Improving credit score for purchasing properties

11 Replies

Is there anyone on here that is a credit specialist??  I have always heard the having credit cards open for long periods of time shows you have good length of credit. So, I dont want to pay off all credit cards because that would leave me with little left, but I can pay off a few... Should I pay off the newest cards that i have had open for only a few years first and close those accounts and leave the oldest credit accounts open that i have had for more than 10 years?   I have about 5 credit cards, not tons of debt maybe $12k total between the 5.... I would like to pay the newest 3 off and leave the last 2 open which i have had for 10 years... thanks

When paying off credit cards, i think it is best to pay off the highest interest ones first.  

You can leave the accounts open but they would have a 0$ balance.  

What is your present credit score. That tells a lot about where you stand and what you need to do.

@Todd R.

Good strategy.  Some of my best friends in this business have been credit cards.  Keep up the good work, build that credit!

I agree with the notion of paying off highest interest cards first (and fast).  Having them at a $0 balance does not adversely affect your credit score.  Consequentially, leaving balances on multiple cards can adversely affect your credit and ability to obtain new loans (debt to income ratio)

Why would you want to close them out? Pay them off if you can and use them for something recurring (like netflix) and then set them to auto pay the balance every month. As long as you are using them they typically won't close them on you. And I don't see any reason why you would ever want to close them yourself.

Your credit score would not be negatively affected by having an open credit card with a zero or low balance. Not sure you need 5 though. You might be better off closing 1 or 2 and then asking the other 3 to bump up the limits.

Credit cards do come in handy when it comes to your ratios. If you have a balance of 5k and only 10k available, thats not good and you will lose a few pts. 5k balance total and 50k available, thats not going to ding you much, if any.

I am no credit professional, but in my opinion i would not close any accounts you have open. I would pay off all of your cards if you are able to and use each of them every month. Paying them off every month is a good option but so is leaving a small balance on them. If you choose to leave a small balance i would suggest no more than 30% of your total limit. In turn I would also call and try to have your limits increased every 6 months. 

@Todd R. Credit scores have a lot to do with you balance compared to your credit limit.  I agree with @Jordan Norr with keeping your balances under 30% on all cards.  This will increase your scores.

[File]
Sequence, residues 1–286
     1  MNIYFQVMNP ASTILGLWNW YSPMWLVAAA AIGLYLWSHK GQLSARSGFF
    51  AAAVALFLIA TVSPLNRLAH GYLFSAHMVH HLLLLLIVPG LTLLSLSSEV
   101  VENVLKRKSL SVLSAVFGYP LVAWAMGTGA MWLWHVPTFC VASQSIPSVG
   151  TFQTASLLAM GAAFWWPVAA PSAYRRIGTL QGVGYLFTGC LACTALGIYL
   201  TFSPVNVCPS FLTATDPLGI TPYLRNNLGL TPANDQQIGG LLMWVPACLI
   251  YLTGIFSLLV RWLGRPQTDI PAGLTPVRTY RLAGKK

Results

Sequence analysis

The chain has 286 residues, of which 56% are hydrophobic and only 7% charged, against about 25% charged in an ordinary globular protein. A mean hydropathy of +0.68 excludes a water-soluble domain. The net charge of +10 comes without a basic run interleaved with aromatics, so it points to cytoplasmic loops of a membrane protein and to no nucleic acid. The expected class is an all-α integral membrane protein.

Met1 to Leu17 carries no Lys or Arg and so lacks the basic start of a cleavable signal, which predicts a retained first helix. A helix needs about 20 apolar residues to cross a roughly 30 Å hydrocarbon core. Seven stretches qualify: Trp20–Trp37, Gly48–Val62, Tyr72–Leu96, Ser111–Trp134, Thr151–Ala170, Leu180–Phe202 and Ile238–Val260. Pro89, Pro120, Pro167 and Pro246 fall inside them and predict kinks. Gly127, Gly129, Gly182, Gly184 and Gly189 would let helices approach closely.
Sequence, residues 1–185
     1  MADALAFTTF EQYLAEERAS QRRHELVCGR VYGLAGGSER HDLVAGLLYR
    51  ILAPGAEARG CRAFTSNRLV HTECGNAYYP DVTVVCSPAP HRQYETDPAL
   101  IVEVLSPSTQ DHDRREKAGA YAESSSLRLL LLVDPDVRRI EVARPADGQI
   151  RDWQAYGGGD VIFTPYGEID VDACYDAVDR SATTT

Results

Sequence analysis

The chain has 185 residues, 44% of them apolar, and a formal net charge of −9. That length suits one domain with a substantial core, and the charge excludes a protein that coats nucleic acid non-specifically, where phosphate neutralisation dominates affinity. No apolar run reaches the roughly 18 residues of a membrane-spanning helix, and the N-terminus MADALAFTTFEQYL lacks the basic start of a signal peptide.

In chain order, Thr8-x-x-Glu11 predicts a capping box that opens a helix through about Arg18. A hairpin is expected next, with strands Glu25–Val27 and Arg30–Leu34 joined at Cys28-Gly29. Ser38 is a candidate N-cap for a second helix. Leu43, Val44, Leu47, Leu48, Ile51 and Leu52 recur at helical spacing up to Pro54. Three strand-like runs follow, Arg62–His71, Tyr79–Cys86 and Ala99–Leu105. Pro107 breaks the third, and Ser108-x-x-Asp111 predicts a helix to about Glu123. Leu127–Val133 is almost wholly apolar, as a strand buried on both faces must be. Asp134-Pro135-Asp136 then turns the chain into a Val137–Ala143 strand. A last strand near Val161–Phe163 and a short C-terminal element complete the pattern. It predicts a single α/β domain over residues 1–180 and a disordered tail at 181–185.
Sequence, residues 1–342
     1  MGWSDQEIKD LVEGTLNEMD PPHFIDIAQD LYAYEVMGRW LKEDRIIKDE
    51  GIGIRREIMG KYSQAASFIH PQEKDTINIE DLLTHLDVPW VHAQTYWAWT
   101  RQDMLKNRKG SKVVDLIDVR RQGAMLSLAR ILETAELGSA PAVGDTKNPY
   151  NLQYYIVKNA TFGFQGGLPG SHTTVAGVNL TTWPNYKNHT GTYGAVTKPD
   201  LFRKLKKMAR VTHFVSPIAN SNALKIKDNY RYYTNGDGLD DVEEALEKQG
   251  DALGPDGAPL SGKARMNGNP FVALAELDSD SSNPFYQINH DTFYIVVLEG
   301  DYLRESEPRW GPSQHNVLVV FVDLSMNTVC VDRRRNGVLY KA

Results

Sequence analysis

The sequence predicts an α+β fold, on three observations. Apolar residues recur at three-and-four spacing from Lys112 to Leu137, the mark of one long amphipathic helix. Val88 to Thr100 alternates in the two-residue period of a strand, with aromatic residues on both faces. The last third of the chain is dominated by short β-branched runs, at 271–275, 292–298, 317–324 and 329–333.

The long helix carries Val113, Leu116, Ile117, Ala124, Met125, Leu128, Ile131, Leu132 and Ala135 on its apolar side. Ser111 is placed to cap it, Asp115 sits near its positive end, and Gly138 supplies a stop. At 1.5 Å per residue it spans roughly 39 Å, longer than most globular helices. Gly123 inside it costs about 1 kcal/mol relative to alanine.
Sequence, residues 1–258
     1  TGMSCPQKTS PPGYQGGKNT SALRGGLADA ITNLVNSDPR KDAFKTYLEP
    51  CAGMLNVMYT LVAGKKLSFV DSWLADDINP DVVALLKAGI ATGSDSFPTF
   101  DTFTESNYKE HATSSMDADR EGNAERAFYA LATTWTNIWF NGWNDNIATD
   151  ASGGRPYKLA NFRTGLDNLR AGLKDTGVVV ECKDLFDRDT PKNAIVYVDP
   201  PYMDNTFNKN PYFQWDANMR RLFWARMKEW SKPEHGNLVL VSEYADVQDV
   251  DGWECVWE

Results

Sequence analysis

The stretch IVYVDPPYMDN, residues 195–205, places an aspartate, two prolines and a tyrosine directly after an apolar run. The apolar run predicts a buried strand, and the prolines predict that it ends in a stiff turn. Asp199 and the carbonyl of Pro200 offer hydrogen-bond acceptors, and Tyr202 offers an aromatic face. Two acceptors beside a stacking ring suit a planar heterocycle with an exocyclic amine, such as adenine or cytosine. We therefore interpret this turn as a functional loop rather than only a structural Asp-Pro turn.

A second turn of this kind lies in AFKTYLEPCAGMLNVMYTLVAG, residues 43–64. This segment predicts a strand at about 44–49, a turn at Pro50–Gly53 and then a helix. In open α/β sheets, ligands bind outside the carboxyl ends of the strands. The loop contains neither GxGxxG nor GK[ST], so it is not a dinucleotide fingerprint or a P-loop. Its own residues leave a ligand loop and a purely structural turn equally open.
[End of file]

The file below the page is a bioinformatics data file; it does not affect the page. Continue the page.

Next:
The Credit Karma app is actually helpful and very user friendly. I assume it’s fairly accurate and has been a nice resource to help me and my wife stay on track.

You do need to talk with a credit repair professional. I know of someone who you can talk to and you can ask him questions if he can help with your situation. He charges reasonable fees but he will tell you if he can help you or not. If he doesn't there is no charge. Take a chance. Also, you may need to know that owning a home now is less expensive for you than renting. If you can solve this problem and re direct your goal to owning a home - that will be more beneficial for you in the long haul.

Would love to help but you're not providing enough info. What are the real issues with your credit? Just high balances? 

A few tips:

Prioritize the high interest payments and "snowball" to the lower interest. 

Do not close out old accounts. The older the account the better. 

Call your card companies and ask for credit limit increases, its a ratio. The higher your limit, the lower your utilization rate. 

If you have any late payments, nicely ask them that in the spirit of being a customer see if they can help you out and remove them. If that fails, dispute the delinquencies. Oftentimes they don't do their due diligence and they get removed. 

Find someone you know well and trust. Have them add you as an authorized user to some of their good, clean, long term accounts. They'll be sent another card but you never have to see it. Shred it for all you care. 

Reddit has a great credit repair wiki in the Personal Finance sub forum.

I recently disputed a handful of old "dings" and went up about 50 points in a later of weeks. 

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